Bound by Flesh: Film Review
The documentary from filmmaker Leslie Zemeckis tells the compelling story about an exploited pair of Siamese twins.
CHICAGO -- Daisy and Violet were “cash cows.” Two sisters who were conjoined twins at birth, the Hilton sisters were sideshow sensations in the early years of the 20th century. This compelling documentary is their tragic life story, and a big audience hit here at the 48th Chicago International Film Festival.
Long before today's TV reality shows, which attract audiences obsessed with the grotesque, the Siamese twins were displayed in vaudeville shows (with such luminaries as Charlie Chaplin), pubs and every tawdry venue their unscrupulous managers could solicit.
In telling their remarkable story, filmmaker Leslie Zemeckis has not only etched a heart-wrenching portrait of their individual and dual misfortunes, she has subtly illuminated on the general public's dark fascination with “freaks.” In this intelligent and well-constructed document, Zemeckis expertly blends up-close personal depictions of the twins – they were pretty and demurely appealing – but she augments their life and plight by early footage and historical artifact.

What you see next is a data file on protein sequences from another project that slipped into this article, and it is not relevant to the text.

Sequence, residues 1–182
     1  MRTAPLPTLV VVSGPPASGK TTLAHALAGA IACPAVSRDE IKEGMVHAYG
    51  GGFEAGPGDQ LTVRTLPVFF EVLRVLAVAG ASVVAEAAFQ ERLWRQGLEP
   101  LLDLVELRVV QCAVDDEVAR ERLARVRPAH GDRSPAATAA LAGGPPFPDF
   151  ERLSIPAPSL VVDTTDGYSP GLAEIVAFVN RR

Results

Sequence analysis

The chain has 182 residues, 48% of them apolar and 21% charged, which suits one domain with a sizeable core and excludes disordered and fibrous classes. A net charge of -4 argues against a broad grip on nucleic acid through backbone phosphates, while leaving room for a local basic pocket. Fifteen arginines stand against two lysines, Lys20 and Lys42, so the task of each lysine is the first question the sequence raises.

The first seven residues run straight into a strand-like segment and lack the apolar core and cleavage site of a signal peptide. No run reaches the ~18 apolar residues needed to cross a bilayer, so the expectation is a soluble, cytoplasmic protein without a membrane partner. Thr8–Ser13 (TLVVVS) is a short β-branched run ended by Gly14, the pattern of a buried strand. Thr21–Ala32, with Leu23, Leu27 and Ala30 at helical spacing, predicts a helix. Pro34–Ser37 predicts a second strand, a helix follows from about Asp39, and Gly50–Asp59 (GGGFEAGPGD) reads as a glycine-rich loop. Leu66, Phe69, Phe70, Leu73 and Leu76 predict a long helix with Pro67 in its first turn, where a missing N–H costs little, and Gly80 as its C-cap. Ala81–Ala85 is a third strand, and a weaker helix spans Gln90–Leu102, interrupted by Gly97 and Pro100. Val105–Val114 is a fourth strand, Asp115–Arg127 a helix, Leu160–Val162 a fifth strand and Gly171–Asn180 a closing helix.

Scrupulously researched from a wide array of sources (such as the Circus Museum in Baraboo, Wisconsin), Bound by Flesh mesmerizes with its full-fleshed portrait of the two gentle souls confined to a life of outrageous spectacle. Indicative of the emerging media's fascination, they were included in Tod Browning's Freaks, as well as exploited in the 1950s notorious Chained for Life.
Told with crisp clarity and buttressed by compassion, Bound by Flesh is a masterful movie, certain to touch the hearts of all audiences.
Production company: Mistress Inc.
Cast (voiceovers): Lea Thompson, Nancy Allen, Tim Stack, Blake Boyd
Director: Leslie Zemeckis
Producers: Leslie Zemeckis, Jackie Levine
Director of photography: Jon Dunham
Editor: Evan Finn
No rating, 91 minutes